If there is one thing you can say about working on a traditional college campus, it’s that life is never boring. Every 4-to-6 six years you have a new set of friends who wander through your scope of influence, bringing with them new perspectives on life and what the future may hold. But for those of us who have “matured” beyond the traditional college 18-22 years of age, it’s easy to see where those fresh, new worldviews may differ from our personal perspectives.
That being said, I started thinking about Wayland Baptist University’s upcoming graduation (May 6, 2 p.m., Hutcherson Center). We will soon unleash a new crop of job-force recruits into the world. Yet with a premium being placed on college value, and job placement being a large part of this equation, I began to ponder how someone from Generation X, which is undoubtedly the standard for ideology by which all other generations are judged, would function as a boss/manager for a Millennial. There is plenty of research and opinion out there about generational personality traits and work ethic that shows the younger generation approaches the workplace a little differently than those of us who have been here for a few decades.
Much of what defines the Millennial is contradictory to those ideals held fast by Gen Xers; such as their desire for collaboration, teamwork, and job training. Like gremlins in the machine they are shaking up and tearing down the norms to which Gen Xers have become accustomed. It seems that while Gen X strives for personal achievement and success, Millennials want to make an immediate impact. They want to work not for someone, but with someone. They desire to be heard, to be validated, understood, and treated as though they bring substance to conference table – so to speak. And they don’t want to work their way up to that validation. They expect to be treated as equal when they start the job. After all, that is why you hired them, isn’t it?
They want to change the world and they want to change it immediately.
Gen Xers tend to be a little more individualistic. They work alone. As managers they don’t spend time hovering over their employees. They expect the employee to be self-motivated, to figure things out. They understand the corporate ladder and hierarchical structure of business, and they do what it takes to climb that ladder. They are hard-working, entrepreneurial, and cynical with a certain level of disdain for authority.
Do you see any potential conflict here?
So, naturally, being the cynical Gen Xer that I am, I wondered if this was true. I decided conduct an exceedingly unscientific poll of my student work force to determine what it is they expect in a future job or career. My vast student work force consists of two … so my findings were limited … but nonetheless interesting.
My two student workers are intelligent, talented and capable young women. (I’m throwing in the superlatives because Millennials thrive on that sort of thing.) One is a graphic designer; the other a photographer.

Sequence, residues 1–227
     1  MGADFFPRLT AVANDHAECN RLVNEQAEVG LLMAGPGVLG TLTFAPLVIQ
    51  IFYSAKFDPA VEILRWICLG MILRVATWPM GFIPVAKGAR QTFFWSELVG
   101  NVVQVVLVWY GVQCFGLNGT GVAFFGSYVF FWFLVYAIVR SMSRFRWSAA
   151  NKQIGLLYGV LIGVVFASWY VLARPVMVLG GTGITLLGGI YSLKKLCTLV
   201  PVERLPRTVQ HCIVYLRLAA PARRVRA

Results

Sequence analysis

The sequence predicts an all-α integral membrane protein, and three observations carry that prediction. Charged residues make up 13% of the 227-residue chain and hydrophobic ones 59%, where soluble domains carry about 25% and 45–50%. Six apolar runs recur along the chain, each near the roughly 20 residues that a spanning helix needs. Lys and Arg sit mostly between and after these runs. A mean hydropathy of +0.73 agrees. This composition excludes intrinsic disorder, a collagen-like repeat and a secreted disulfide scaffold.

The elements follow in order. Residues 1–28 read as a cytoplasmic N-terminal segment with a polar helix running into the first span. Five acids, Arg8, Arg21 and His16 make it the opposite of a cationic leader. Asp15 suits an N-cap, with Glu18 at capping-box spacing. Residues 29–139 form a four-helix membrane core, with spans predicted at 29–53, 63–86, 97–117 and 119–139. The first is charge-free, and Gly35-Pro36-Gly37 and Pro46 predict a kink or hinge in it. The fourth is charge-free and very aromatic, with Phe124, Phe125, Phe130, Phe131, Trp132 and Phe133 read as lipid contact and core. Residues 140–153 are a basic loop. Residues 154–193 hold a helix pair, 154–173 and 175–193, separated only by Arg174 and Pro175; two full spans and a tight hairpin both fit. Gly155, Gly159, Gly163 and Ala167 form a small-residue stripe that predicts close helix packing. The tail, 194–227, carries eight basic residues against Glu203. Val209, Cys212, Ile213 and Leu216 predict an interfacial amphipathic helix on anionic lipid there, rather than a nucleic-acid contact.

While one, an introverted middle child, enjoys working alone in a structured 9-5ish environment, she still craves the necessary job training and open communication that is common among the desires of Millennials. She understands the need to work her way up the corporate ladder, but also wants to feel as though her thoughts and ideas matter and that she has made a difference by communicating clearly through her artwork. She seems to straddle that generational line.
The other is decidedly more extroverted with grandiose Millennial aspirations to change the world – NOW!
Having not told her what I was up to, her immediate response when I asked what she expects from her future job/career was to say that she wants a friendly work environment where she can go straight in and get stuff done without having to work her way up the proverbial ladder — after proper training, of course. She wants to work in a team collaborative where the boss is not so much an authority figure, but more of team leader. She doesn’t want to mess with the tedious or trivial, and she is open to a less structured environment where the depth of work and commitment is not measured by a time clock, but by task completion. Not exactly the way a God-fearing, American-dream-chasing Gen Xer was taught to approach the workforce. But that doesn’t make her approach wrong.
Can she change the world? I hope so. Her desire is to join the State Department and work to stop human trafficking. No small dreams for this Millennial.
Together, the three of us concluded that personality type, family, and cultural environment obviously play a role in determining who we are as none of us are defined strictly by our generation’s characteristics. We also discovered that it is important to understand that within the job market, the only person one can change is herself/himself. And while I can try to be a better manager to those two with their strange Millennial ways, they should also know what to expect from a Gen X supervisor.
These gremlins have become the majority players in the market place. That growth trend will continue over the next few years, so it’s important to know what to expect if you hire one. Consider keeping them away from bright lights and not letting them go near water. But it is okay to feed them after midnight because you might want to transform their inner drive and see what they can accomplish in the right environment.
And if you just so happen to be in the market for a graphic designer or a photographer, give me a call. I know a couple of Millennials who are great to work with.
About the author: Jonathan Petty holds degrees in communications and management. He currently serves as the Director of Communications for Wayland Baptist University.